Throughout September we are celebrating best practice within OH by publishing profiles of the shortlisted entries for this year’s Occupational Health & Wellbeing Awards, ahead of the finalists being revealed in October. Here, then, are those that have made the shortlist in the “Best mental health initiative” category. Good luck to everyone next month.
Ad Gridley is a writer and inspirational speaker who seeks to support and educate people about the harmful effects of cannabis, based on his own experiences with addiction and his subsequent schizophrenia diagnosis and mental health issues.
His lecture focuses on his story of illness and recovery and is aimed at students in occupational therapy, mental health, social work, psychology and psychiatry and other health disciplines. Participants report that the information he gives students and his inspiring story “changed the way” some of the student nurses operated and his presentation brings to life ideas that students would normally only read about in a textbook.
His book, The Geographer – The Descent into Madness, was published after six years work of collating his memories of mental ill health, and has allowed him to spread the word about his lecture and conference presentations.
Our judges said his story was “powerful and authentic” and praised Gridley for drawing attention to the link between recreational drugs and mental health, which is often overlooked.
More than a quarter of the convenience store chain’s workforce work a night shift, putting them at increased risk of mental and physical health problems, addiction, loneliness and financial and relationship issues.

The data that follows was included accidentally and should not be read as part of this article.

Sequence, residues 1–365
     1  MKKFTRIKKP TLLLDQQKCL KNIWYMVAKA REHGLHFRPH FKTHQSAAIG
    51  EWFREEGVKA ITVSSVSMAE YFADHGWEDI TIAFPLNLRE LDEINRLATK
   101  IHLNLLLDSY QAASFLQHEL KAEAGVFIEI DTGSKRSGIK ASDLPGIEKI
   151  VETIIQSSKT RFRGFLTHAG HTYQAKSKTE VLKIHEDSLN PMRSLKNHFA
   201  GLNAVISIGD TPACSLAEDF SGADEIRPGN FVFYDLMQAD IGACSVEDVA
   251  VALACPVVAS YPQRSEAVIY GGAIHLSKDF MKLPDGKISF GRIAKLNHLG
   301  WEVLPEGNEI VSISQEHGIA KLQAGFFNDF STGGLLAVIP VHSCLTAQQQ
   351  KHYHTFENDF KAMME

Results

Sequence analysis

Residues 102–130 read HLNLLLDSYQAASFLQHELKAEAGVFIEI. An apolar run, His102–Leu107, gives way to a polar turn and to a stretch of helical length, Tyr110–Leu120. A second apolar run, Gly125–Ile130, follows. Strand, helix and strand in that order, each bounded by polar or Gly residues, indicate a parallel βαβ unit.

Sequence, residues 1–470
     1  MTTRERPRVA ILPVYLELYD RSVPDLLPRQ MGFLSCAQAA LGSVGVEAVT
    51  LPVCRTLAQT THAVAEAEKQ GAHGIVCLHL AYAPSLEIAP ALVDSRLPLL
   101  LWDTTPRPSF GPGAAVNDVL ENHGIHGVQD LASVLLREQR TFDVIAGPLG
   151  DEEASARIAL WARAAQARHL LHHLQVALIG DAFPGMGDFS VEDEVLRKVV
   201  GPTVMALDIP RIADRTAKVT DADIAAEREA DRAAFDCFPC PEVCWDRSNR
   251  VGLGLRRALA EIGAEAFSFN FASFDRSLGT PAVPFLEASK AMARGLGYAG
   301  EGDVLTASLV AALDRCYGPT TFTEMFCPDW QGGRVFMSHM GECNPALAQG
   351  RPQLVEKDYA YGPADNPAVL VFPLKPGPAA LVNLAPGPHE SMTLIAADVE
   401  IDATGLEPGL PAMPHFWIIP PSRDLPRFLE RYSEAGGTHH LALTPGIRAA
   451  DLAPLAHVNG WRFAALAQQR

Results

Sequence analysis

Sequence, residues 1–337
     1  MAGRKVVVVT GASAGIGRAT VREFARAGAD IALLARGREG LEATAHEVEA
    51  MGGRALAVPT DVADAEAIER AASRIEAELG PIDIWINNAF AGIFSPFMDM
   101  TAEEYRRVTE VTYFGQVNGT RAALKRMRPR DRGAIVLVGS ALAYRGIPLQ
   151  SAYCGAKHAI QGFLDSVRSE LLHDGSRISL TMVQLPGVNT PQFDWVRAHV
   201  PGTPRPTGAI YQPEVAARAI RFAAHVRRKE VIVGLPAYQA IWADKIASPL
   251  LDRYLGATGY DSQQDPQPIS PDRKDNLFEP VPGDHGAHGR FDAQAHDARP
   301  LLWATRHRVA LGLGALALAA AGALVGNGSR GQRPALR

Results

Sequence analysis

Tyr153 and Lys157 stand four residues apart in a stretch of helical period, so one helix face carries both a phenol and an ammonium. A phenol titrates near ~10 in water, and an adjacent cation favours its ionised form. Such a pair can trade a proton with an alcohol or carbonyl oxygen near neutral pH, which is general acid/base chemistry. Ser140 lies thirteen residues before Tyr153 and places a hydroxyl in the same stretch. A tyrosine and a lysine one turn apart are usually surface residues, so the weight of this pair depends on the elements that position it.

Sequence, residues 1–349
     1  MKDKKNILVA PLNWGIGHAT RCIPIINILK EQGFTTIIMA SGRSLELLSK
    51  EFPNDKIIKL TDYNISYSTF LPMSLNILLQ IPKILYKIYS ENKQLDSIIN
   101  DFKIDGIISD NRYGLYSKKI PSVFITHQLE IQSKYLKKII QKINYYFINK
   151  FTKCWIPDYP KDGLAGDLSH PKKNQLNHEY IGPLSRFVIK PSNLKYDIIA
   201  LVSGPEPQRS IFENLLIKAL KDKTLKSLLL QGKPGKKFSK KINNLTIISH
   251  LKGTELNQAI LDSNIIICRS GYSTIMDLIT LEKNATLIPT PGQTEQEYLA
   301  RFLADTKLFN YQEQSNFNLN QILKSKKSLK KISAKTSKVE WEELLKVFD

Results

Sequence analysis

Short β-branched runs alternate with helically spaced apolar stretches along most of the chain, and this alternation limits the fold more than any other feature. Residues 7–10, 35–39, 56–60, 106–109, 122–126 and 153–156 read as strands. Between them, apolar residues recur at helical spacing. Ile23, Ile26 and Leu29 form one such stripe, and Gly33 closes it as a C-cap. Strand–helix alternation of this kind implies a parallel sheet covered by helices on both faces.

An audit revealed many felt “forgotten” or “invisible” and had problems sleeping. This prompted the company to take action. Partnering with charity The Wellcome Trust and engagement consultancy The Liminal Space, the Co-op developed “Night Club”, which brings together night time workers with sleep researchers from Oxford University to help improve the quality of their sleep and their wellbeing.
The staff are educated about circadian rhythms, the impact light has on sleep, how diet affects sleep and alertness, and how a lack of sleep affects mental health and the natural body clock. Light-based experiments and chrono-typing tests are used to establish individuals’ own body clock, and one-on-one consultations are held.
Some 210 sessions have been hosted, engaging with 1,680 colleagues. More than 40 trained sleep champions have been placed across Co-op Logistics to promote the benefits of sleep to their colleagues, and anecdotal evidence that has emerged at the project’s early stage suggest sleep has improved.
Our judges were impressed with how the initiative highlighted the connection between good sleep and good mental health, and the fact it was focused on night workers, a cohort too often overlooked when it comes to health and wellbeing.
Derbyshire Fire & Rescue Service
After finding that fewer post-incident support sessions were being held, employee assistance programme (EAP) utilisation had reduced and sickness absence had crept up, Derbyshire Fire & Rescue Service formed a wellbeing steering group, headed up by the chief fire officer, and an employee wellbeing support network of staff volunteers, to make wellbeing a priority once more.
The group found that operational crews were still reluctant to access support after a traumatic event, as some thought it would be seen as a sign of weakness. Furthermore, the EAP wasn’t being used because of confidentiality fears and a lack of understanding of the range of support offered.